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WHY did the Iranian Revolution start??

The Iranian Revolution began when many Iranians and citizens within Iran were
very dissatisfied with the rulership of the Iranian King, Mohammad Reza Shah
Pahlavi. He replaced his father on the throne on September 16 th, 1941.
HOW and WHEN did the Iranian Revolution officially start??
It officially started in 1978 with the first major demonstration to overthrow the
Shah [1]. In December 1979, the Revolution finally concluded with the Shah
removed as ruler of Iran and with the approval of the new theocratic constitution.
Ayatollah Ruhollah Khomeini took the place of the Shah with the approval of Iran.
Angry students and religious leaders in Qom, Iran, demonstrated against a false
story attacking Khomeini (the man helping overthrowing the Shah) in the official
press. The army was sent in, and killed many of the students.
The Iranian Revolution is considered the 3 rd greatest revolution in history. On
February 9th, 1979, million of Iranians came on to the streets of Teheran to welcome
the return of the religious leader Ayatollah. He helped overthrow the much hated
regime of the Shah. It was one of the largest demonstrations in human history (this
shows how many people hated the Shah).
WHY did the people hate the Shah so much?
The Shah relied on manipulation and fear to lead the people. He established a
secret police ( SAVAK: spy on people and report back to the Shah).
He closely identified himself with the West (U.S.) which was clashing with the
Iranian, Muslim traditions. The Shah really made attempts to modernize Iran in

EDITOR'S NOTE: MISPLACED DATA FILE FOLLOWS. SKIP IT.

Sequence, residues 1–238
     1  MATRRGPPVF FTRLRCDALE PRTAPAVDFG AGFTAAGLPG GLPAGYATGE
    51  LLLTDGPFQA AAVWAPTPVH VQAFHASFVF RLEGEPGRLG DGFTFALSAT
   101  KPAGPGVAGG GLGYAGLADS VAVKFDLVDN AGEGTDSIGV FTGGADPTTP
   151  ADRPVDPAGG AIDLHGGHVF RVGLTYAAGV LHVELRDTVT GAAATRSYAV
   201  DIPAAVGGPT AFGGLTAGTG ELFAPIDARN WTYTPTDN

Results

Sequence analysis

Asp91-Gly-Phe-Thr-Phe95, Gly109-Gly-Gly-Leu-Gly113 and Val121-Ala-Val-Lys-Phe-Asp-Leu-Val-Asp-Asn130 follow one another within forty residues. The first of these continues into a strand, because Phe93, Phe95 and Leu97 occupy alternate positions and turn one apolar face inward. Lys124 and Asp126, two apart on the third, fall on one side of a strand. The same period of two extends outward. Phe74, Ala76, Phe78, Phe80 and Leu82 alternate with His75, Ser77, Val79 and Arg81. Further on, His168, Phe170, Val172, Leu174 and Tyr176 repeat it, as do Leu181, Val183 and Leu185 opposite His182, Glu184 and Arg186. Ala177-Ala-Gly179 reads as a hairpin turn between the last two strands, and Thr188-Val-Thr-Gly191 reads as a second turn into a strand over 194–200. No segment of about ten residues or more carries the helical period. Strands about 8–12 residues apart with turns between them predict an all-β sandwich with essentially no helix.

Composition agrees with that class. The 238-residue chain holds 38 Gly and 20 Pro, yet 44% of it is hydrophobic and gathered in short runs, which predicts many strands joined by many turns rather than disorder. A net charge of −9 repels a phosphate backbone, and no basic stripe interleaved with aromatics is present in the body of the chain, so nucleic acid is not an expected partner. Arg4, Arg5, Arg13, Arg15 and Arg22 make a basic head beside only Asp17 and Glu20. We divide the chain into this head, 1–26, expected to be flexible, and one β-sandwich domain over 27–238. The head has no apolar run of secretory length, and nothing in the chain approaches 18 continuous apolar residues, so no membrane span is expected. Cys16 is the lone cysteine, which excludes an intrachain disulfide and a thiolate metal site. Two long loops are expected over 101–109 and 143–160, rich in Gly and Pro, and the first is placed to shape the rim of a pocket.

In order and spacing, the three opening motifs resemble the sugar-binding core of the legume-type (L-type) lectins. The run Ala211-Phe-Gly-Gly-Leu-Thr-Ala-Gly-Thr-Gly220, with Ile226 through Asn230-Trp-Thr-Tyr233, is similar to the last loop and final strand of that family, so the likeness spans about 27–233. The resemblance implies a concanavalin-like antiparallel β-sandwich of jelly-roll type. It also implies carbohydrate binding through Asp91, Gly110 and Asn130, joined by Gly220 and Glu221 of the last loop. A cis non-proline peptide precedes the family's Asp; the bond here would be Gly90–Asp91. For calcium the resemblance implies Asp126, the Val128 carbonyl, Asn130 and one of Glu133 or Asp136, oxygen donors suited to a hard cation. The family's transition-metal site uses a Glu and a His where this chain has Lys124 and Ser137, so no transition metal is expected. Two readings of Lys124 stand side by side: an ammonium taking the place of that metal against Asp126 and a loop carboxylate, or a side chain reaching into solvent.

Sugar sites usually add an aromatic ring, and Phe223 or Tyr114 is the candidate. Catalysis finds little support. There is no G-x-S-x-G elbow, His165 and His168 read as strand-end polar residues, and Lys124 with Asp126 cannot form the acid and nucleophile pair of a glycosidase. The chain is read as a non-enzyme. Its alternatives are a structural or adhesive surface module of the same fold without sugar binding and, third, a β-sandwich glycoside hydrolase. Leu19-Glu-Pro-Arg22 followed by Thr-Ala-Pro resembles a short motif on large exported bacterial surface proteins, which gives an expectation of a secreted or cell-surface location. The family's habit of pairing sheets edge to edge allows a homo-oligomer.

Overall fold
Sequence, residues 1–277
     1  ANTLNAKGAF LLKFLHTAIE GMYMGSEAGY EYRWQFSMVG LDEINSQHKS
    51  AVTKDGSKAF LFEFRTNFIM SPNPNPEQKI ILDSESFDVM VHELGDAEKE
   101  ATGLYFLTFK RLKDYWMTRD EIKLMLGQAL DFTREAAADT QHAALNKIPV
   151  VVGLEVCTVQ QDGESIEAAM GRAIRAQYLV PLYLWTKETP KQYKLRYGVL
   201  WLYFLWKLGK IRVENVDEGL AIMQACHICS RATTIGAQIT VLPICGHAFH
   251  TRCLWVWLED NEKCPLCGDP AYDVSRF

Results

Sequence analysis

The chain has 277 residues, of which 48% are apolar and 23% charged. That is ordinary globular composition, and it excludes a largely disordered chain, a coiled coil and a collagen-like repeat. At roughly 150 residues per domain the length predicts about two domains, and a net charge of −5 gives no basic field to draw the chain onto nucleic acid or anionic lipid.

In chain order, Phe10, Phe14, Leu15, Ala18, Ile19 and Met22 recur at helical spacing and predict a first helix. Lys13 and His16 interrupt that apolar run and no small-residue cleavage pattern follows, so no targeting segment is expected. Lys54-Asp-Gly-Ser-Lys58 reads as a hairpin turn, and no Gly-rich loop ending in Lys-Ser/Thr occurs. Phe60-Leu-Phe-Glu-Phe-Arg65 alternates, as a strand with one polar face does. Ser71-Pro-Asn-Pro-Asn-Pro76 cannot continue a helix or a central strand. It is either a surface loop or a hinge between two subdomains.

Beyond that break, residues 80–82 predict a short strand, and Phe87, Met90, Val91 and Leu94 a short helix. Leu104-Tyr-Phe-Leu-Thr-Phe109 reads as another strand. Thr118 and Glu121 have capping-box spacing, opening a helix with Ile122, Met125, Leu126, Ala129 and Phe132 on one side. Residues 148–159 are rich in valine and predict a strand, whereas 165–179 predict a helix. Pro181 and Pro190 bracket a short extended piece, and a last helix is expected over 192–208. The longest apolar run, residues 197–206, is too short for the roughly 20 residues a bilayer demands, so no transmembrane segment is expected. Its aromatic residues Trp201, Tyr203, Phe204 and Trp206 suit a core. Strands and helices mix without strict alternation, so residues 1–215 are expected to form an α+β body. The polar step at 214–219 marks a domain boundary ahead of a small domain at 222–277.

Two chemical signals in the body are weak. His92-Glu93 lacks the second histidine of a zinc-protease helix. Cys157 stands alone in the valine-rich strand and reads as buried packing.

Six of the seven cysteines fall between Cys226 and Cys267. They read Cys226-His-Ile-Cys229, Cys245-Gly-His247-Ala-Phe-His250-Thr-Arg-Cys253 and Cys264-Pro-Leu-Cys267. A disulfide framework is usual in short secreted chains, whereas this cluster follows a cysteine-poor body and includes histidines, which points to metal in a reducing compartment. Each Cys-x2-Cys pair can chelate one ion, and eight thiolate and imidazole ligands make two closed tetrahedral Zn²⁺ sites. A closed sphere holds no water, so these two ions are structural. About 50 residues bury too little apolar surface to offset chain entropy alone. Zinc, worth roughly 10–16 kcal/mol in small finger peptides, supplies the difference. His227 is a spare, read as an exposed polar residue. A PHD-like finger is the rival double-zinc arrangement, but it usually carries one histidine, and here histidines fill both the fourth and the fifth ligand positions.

The Shahs regime involved changes within the Muslim traditions and ideologies
which many citizens reacted strongly and negatively to.
These traditions and ideologies involved:
-banning of alcohol
-banning of tobacco
-banning of movies
-gambling foreign dress
-veil for women
-punishments (cutting off the hand.)

In all of this, there is a contrast between the reductive world-view of the Islamic
ideologue and that of persons who simply want to get on with their lives. The
question here is balance. Nafisi and her students come from different generations.
The older generation feels that their past has been stolen from them, leaving a void,
making us exiles in our own country. Yet, they do have a past to compare with the
empty present. The students, on the other hand, represent a generation of Persians
with no past: they know of movies they have not seen, music they have never
heard, kisses they have never exchanged. Both generations long for a balance in
their lives, while the regime views this as dangerous and subversive, deflecting the
believer from the contemplation of Allah.